- on the skintrack skin over to convexities/small pillows and ski cut them. This is very common also. I look to bomb pillows on top of other pillows because its fun but also because its good information.
- if you're close to a pillow scrape off some snow real quick to show you the layering. A nice convenient pillow that has a flat side is basically an already dug pit - albeit one that's been exposed to air or wind.
- I like to break new trail every now and then. Ski penetration can tell you a lot. When doing so if there's a convenient rocky spot or treed or krumholz spot I'll do a quick pole or hand excavation to look for facets.
That's all i can think of right now. I'm sure I'll think of others i've forgotten or others will chime in with some other useful little things they do.
and yeah, I do snow pits usually when I have little knowledge of the snow pack.
the common thread on all this is that I use this to look for signs of instability not to look for signs of stability.
12-16-2010, 11:46 PM #32
Impossible Pits and Uncertainty
Originally Posted by CookieMonsterOriginally Posted by blurred
12-17-2010, 09:06 PM #33
good read, thanks. When I was fresh from my avy course I did pits lots. It seemed like that was one of the main things to do, but I found them hard to/didn't know how to apply to big picture. Now I don't do them very often and it's more to see how what has been going on looks in the snow and also as a visual reminder, oh yeah there's that layer from x.
I like doing them, just with a different perspective now.
12-18-2010, 03:08 PM #34
I like to dig pits to check that the place I'm in agrees with the forecast. If the pit didn't agree with the forecast, then the reason needs to be explored. (pit in a wierd place or forcast not applicable).
In terms of using a pit for go/no-go: I've never really been able to get much out of the different tests.
12-19-2010, 11:52 PM #35far from my next whomp
- Join Date
- Aug 2006
thanks for starting the thread.
i don't always dig pits, especially full pits, but feel like i've made some live preserving decisions based on pit results. i feel like i've made good go/no-go decisions based on gathering other types of information many times.
12-30-2010, 10:59 AM #36
Lots of great discussion here. I like a few things mentioned below by LeeLau. There are few things more educational to me than purposely causing short sloughs, slab releases, or propagation whether it is stepping off the skin track or ski cutting over steep sheltered terrain. "Sportvalanching" in short stepped areas is a fun and relatively safe method of examining not only snowpack, but how it feels to ski in/escape moving snow (note this is done with skins off of course).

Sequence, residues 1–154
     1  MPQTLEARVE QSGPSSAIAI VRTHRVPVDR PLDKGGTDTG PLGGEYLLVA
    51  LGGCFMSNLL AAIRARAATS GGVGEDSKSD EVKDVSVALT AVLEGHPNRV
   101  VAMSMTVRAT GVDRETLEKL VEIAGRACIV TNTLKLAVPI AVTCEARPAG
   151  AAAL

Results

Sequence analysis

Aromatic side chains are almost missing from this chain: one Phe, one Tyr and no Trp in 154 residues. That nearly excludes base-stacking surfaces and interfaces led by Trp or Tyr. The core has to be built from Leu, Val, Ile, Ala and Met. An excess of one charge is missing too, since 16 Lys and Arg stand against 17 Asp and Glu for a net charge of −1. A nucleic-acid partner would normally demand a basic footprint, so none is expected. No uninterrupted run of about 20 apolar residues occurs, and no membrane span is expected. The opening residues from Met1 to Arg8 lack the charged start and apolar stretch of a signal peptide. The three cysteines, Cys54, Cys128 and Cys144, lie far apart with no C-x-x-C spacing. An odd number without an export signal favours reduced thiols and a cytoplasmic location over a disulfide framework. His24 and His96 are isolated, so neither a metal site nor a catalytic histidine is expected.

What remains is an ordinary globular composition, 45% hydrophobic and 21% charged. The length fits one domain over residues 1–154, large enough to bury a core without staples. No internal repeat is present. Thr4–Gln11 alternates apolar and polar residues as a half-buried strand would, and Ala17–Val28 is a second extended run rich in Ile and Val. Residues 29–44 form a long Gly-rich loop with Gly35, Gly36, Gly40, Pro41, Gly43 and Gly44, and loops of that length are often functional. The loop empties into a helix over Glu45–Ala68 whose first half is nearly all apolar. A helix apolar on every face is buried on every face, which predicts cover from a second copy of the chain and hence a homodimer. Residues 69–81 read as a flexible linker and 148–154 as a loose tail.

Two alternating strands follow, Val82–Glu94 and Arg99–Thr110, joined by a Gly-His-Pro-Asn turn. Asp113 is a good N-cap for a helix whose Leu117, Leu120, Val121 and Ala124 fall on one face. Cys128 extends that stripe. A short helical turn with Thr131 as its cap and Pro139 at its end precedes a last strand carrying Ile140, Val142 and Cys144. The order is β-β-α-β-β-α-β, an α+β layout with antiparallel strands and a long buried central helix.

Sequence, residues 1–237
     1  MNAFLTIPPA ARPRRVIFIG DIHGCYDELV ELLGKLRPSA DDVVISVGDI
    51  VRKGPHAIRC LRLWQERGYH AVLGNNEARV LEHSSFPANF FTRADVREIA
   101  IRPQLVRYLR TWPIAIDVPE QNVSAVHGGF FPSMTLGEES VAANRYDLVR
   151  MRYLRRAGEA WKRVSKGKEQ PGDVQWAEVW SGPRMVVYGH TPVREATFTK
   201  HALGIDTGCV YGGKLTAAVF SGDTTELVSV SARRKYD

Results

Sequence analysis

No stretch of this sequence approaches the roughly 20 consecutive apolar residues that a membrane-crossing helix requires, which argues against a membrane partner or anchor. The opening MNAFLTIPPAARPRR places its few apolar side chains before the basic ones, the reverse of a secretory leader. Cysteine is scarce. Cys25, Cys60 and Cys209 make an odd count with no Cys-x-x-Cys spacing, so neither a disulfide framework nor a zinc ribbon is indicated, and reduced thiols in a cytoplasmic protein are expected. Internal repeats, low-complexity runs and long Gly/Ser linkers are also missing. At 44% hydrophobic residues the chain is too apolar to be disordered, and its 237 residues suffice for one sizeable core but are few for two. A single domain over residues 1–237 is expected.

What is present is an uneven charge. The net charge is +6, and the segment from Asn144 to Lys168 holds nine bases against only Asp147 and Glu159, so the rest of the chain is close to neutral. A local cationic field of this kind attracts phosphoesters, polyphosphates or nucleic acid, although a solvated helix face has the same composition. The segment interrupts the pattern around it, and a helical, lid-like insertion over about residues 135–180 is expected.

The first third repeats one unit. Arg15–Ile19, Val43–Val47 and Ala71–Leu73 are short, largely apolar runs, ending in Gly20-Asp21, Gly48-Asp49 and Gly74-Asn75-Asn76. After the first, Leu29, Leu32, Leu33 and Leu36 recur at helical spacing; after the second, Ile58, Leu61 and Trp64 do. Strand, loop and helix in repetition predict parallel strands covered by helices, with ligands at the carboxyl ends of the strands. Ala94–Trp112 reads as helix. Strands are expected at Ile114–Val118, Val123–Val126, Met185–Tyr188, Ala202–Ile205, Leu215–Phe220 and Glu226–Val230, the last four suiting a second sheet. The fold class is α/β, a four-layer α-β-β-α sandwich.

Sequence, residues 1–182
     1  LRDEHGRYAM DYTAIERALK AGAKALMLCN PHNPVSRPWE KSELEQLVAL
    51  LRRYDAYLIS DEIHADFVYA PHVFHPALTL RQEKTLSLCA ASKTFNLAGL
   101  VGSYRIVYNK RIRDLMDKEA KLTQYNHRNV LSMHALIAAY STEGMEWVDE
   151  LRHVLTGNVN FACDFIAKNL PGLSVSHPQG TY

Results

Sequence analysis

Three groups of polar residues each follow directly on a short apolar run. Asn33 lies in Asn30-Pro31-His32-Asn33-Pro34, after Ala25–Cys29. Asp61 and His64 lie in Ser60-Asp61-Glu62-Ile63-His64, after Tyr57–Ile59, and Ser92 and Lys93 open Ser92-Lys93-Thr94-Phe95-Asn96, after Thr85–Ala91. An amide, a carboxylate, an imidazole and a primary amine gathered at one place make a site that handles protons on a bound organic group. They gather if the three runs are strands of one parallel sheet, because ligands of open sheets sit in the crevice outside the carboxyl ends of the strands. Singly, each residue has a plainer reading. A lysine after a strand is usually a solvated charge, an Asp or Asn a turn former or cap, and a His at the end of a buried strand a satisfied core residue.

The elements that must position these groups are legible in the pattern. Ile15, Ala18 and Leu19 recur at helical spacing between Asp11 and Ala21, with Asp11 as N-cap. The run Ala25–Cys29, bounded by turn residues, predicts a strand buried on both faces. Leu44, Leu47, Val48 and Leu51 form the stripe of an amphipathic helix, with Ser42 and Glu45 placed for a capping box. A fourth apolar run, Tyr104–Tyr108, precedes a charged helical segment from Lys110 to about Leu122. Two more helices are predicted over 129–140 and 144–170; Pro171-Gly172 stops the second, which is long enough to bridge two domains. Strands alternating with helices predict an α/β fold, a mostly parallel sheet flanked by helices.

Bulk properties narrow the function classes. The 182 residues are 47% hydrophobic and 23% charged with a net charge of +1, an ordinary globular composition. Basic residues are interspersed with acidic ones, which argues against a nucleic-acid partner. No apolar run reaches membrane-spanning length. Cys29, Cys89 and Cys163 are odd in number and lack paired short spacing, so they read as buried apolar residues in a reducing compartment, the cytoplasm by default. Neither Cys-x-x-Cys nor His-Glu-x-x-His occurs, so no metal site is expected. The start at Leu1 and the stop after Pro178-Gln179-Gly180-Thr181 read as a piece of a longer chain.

Last edited by gunniride; 12-30-2010 at 02:12 PM.
01-01-2011, 02:42 PM #37
Because of the rapidly changing conditions in the PNW, I will usually dig a pit and do a shovel shear or compression test if other observations indicate stability. That said, I generally pass on the pit/test if general avi danger is low and there are fresh tracks where I'm about to ski.
Question for the collective - when you dig a pit, how many of you record your profile & failure results, and send to your local avi center? I know that NW Avalanche Center likes field observations - what about CAIC, UAC, etc? I send in sometimes, but the effort to record/transcribe into NWAC's form makes it a hit/miss exercise.
01-05-2011, 10:54 AM #38
Leelau hit the nail on the head. This is wot I do on the uptrack as there is nothing better than having my ski (split board) on the snow and play with features and pillows. (yes I haave fallen off said pillow as it collapsed)
The main thought running thru my head while reading all this is that we are telling newbies and lurkers not to dig pits (sorta kinda).
I encourage people I tour with to dig and probe regularly because just like our beacons, how many people practise with these things that may one day save MY life! then I think about YOUR first aid kit etc etc. many slackcountry packs are empty other than shovel/probe, well, other than water,lip balm and granola bars.
Digging a pit is snow study, and how can that be a bad thing? When I return to Canada each season I dig several pits, usually 2 per day, with full snow study obb"s so my brain is back on the game and I'm familure with all items in my pack. Even when people skin past me to drop big lines. Forget last year, or even your last trip, shit changes and just like we remember how good that slackcountry line skied late season only to find its an alder field, we feel the same about our gear, complacency. use it or lose it mind set.